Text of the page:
Monday, November 8, 2010

Thy will be Done

It can be said we can really tell what is at the center of our inward desires by closely watching our actions. I would take it a step farther. I would say that we can tell what is at the center of our inward desires by examining the motivations of our actions. For example, we can help a little old lady across the street. We can do it for the purpose of being helpful. Or, we can do it because it makes us feel good or appreciated. These are two different motivations; the first is to serve another while the second is to serve feelings for Self. Serving Self gets to be an ugly habit which often gives us the outward perception that we are doing good, but the inward motivation is quite self-serving. In other words, the good outward action is precipitated by self-serving motivations. I believe this is why the Bible teaches us that man believes himself to be good, but only God knows the heart. By merely looking at the actions we show to the world, we judge ourselves good. However, closer examination often reveals an undesirable underlying motivation.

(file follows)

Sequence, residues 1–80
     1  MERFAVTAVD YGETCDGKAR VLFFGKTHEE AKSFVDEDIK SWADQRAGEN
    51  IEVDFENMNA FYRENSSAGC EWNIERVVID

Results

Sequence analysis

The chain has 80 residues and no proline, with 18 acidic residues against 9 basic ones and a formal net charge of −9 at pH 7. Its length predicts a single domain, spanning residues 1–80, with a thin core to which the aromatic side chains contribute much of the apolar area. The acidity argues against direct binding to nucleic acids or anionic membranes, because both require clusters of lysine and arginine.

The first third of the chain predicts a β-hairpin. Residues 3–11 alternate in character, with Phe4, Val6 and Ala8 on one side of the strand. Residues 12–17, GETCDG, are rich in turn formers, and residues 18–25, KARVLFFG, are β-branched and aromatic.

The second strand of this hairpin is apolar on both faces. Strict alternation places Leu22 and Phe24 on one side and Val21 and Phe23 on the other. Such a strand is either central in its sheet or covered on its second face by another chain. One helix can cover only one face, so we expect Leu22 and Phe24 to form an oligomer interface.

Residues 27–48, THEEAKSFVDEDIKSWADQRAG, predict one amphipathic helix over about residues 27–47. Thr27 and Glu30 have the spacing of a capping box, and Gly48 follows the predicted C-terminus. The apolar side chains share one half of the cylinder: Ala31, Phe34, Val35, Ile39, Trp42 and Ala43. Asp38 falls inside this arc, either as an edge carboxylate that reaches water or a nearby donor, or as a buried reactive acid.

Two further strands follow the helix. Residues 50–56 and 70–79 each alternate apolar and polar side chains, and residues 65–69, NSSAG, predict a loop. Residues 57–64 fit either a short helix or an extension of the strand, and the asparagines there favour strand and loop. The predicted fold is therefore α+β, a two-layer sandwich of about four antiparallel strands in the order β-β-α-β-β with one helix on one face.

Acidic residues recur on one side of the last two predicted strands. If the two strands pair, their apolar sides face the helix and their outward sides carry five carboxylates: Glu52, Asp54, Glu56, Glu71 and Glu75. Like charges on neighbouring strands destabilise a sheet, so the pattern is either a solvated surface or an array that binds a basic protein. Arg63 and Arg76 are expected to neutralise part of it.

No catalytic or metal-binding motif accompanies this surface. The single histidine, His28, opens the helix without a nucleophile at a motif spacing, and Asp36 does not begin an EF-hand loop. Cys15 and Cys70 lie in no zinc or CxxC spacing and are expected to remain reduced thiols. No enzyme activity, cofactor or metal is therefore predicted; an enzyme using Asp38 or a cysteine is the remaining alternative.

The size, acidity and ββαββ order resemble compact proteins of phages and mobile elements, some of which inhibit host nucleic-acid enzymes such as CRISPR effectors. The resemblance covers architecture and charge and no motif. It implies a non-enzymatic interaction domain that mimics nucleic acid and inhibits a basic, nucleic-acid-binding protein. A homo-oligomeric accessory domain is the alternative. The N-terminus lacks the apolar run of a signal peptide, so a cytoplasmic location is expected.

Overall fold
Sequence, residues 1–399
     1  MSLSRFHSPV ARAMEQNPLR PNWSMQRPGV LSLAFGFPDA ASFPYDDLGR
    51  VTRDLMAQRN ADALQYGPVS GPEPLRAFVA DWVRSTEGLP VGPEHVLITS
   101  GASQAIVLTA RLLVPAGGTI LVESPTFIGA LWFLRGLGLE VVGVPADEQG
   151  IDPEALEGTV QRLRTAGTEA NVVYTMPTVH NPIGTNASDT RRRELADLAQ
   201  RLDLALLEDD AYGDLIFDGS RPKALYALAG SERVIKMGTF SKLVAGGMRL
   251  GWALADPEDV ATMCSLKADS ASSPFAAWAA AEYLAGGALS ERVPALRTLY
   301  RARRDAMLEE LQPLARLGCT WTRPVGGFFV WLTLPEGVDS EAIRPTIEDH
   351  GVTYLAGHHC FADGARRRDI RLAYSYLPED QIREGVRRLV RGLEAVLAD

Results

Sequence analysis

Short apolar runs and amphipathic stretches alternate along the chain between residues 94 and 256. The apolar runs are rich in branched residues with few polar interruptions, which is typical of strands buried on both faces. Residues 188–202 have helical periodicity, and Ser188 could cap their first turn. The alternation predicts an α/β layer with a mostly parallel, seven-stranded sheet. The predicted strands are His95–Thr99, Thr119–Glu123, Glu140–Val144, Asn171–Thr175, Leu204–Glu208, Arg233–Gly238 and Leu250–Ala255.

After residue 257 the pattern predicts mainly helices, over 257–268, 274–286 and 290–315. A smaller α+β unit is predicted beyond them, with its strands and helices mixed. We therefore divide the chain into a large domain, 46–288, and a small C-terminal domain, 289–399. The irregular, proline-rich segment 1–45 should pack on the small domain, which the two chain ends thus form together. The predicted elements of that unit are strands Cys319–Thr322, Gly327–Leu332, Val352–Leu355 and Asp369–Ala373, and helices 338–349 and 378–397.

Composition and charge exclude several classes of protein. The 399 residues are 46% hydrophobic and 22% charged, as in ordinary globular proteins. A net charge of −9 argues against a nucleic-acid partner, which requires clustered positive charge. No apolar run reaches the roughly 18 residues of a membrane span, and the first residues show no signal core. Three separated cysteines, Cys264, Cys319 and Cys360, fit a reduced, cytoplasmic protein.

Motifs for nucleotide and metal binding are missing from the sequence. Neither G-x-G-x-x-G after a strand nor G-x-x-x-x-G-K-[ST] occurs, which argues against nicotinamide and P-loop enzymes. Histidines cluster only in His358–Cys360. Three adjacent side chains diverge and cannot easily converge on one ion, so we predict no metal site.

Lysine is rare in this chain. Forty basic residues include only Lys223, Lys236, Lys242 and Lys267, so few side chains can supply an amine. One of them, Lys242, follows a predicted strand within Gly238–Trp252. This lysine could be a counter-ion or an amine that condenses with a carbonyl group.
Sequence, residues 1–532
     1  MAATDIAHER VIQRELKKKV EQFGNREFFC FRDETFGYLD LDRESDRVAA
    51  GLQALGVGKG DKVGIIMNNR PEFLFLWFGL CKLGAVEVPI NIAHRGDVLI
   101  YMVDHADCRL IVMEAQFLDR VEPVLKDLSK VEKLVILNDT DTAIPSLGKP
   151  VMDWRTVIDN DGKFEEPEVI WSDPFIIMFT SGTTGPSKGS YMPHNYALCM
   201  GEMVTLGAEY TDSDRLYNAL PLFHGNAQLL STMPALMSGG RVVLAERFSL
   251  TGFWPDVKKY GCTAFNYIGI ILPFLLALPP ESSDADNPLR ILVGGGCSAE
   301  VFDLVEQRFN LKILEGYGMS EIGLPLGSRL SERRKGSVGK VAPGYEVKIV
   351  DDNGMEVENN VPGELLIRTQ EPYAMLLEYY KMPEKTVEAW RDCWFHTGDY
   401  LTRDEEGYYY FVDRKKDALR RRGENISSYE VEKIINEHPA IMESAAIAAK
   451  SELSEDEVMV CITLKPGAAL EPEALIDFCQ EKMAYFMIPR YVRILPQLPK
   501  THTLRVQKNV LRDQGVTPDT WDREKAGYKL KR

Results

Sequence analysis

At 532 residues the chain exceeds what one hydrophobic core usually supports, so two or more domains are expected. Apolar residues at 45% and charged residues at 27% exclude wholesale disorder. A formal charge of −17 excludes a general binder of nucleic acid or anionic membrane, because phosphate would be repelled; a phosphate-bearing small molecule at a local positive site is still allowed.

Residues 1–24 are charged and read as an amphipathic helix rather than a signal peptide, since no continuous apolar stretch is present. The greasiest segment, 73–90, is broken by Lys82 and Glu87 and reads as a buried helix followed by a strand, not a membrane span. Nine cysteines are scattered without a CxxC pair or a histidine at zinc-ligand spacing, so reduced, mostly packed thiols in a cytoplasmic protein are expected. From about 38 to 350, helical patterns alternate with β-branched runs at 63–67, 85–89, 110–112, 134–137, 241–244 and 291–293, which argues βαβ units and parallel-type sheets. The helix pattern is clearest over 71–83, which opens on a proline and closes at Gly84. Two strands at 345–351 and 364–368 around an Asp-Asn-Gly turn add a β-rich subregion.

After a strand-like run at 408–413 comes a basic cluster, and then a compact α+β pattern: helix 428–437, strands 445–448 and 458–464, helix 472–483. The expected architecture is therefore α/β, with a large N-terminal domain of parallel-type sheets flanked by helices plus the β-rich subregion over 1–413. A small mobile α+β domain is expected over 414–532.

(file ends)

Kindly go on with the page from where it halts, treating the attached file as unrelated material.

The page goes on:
We are quick to pray, “Lord, thy will be done.” All too often though, what we really want is the Lord’s will to be done when it happens to match our will!! Otherwise, we beg and plead for our own will to be done, not the Lord’s. This all begs the question: Do we live our life primarily seeking God’s will, or do we live our life according to our will - - - and hope it coincides with Gods’ will? As we look at the political correctness and tolerance for that which is ungodly in this nation, it ought to give us pause as to whose will we are pursuing. Only close self-examination clues us to what is really in our heart. Or, said another way, only close self-examination clues us to who’s Will we truly pursue.
When we stand face-to-face with God, I can imagine Him looking us up and down and simply saying, “Thy will be done.” At that instant, our eternal destiny would be decided by what is really at the heart of our will. In other words, did we live a life of “Thy will be done,” or a life of “My will be done”? For most of us, it should be a scary thought that God might determine our eternal life by saying, “Thy will be done”.

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